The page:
Living aboard a boat requires a constant level of physical exertion. There is a lot of bracing, climbing and crouching––into and out of the cockpit, up and down the companionway, into and out of the dinghy; hoisting gear at every turn. We have electric winches for furling the sails, but Christoph likes to furl the jib by hand, which takes an enormous amount of strength. I like to make full use of my  yoga practice, as I move about. When I awaken, I lift my legs into a Happy Baby pose on our berth, roll onto all fours for cat and cow pose, arching and rounding my back. I push back into Child’s Pose. Holding onto the shrouds in calm water, I practice balancing poses, like Tree and Dancer. I squat in supported Malasana when I remove  lines and fenders from the deck lockers, and. stretch out along the cockpit seats for Pigeon Pose. Although I signed up for a free trial of YogaFlo, a website recommended by one of my yoga teachers in Lambertville, there hasn't been time for an extended session of yoga. Instead, I create my own version of boat yoga, which keeps me limber and in alignment.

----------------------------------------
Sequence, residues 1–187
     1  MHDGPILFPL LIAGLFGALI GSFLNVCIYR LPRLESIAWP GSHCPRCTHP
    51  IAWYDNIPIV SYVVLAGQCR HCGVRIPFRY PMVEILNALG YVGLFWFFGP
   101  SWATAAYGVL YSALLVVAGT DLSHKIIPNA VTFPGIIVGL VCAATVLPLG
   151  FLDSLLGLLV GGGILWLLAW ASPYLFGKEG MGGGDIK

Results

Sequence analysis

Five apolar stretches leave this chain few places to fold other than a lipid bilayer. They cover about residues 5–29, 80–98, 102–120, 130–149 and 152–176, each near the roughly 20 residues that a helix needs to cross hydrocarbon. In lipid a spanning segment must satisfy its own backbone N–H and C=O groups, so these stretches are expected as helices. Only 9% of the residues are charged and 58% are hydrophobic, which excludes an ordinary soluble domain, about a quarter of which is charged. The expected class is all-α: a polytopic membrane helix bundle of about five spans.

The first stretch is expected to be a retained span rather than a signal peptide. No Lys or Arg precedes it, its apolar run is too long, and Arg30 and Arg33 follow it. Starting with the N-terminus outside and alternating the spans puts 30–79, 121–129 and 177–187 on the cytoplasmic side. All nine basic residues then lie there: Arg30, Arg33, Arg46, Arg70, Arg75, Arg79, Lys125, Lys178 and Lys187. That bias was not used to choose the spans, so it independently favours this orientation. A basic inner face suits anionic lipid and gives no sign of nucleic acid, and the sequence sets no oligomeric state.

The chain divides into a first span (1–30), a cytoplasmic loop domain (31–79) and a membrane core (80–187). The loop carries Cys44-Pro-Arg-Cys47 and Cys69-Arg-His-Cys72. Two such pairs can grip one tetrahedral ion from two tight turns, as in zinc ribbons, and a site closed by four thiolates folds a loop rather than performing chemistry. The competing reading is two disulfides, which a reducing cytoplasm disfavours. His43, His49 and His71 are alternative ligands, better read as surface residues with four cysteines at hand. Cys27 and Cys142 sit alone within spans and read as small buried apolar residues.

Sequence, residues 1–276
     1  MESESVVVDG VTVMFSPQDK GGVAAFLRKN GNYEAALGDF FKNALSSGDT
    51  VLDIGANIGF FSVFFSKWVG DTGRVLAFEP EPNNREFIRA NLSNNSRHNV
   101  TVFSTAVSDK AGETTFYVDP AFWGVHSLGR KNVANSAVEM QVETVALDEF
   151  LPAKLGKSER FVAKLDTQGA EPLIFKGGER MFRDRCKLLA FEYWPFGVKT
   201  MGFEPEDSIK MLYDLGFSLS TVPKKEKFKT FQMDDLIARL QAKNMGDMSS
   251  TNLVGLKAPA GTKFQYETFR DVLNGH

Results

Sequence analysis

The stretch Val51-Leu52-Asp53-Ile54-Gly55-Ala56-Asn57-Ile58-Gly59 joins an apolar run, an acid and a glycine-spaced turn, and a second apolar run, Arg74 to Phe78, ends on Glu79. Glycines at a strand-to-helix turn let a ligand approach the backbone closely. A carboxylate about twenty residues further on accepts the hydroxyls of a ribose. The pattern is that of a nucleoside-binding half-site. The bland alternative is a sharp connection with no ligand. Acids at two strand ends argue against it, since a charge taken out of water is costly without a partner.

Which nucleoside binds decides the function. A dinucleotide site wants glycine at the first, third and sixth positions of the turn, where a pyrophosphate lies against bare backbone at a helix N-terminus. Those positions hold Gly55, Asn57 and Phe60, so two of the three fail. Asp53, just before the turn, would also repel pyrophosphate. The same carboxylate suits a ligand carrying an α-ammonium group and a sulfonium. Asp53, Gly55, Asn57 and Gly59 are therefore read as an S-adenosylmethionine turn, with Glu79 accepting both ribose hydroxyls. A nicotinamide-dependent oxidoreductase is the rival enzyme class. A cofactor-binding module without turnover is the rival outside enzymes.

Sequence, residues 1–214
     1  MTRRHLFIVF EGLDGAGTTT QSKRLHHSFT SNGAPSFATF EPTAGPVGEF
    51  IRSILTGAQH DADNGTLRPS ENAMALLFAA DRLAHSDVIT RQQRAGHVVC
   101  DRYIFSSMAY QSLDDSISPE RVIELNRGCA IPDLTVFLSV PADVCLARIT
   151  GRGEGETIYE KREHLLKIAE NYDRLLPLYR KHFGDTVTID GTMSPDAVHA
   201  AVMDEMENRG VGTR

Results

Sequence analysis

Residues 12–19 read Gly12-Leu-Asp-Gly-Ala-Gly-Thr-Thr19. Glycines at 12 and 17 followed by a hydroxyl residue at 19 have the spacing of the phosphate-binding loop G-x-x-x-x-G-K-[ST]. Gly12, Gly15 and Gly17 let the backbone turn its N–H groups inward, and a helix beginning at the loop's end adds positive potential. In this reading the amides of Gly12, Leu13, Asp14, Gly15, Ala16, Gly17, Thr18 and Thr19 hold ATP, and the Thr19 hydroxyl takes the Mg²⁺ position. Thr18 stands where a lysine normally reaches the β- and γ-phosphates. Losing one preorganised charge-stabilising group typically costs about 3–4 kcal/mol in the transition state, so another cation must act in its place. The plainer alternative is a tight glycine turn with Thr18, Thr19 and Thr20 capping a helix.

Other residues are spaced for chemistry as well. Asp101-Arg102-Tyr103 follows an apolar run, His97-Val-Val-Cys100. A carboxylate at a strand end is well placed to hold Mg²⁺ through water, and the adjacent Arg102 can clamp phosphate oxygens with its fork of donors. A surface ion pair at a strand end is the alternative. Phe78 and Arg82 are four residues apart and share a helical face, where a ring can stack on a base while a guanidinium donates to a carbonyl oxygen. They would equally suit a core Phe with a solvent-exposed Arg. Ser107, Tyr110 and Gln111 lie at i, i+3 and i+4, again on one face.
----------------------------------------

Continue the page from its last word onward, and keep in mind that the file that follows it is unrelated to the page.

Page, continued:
I walked through town, and stopped in a cafe to ask directions to the nearest food market.  A server told me there was a Sav-A-Lot  about ½ mile away. I set off on Indian River Drive and spotted a woman in a blue polo shirt and white shorts, just ahead of me, walking along purposefully. I thought she might be a fellow boater, and quickened my pace to catch up.I asked her if she knew the way to the market. Sure enough, she was headed to Publix, about a mile away. I figured I would stick with the closer market.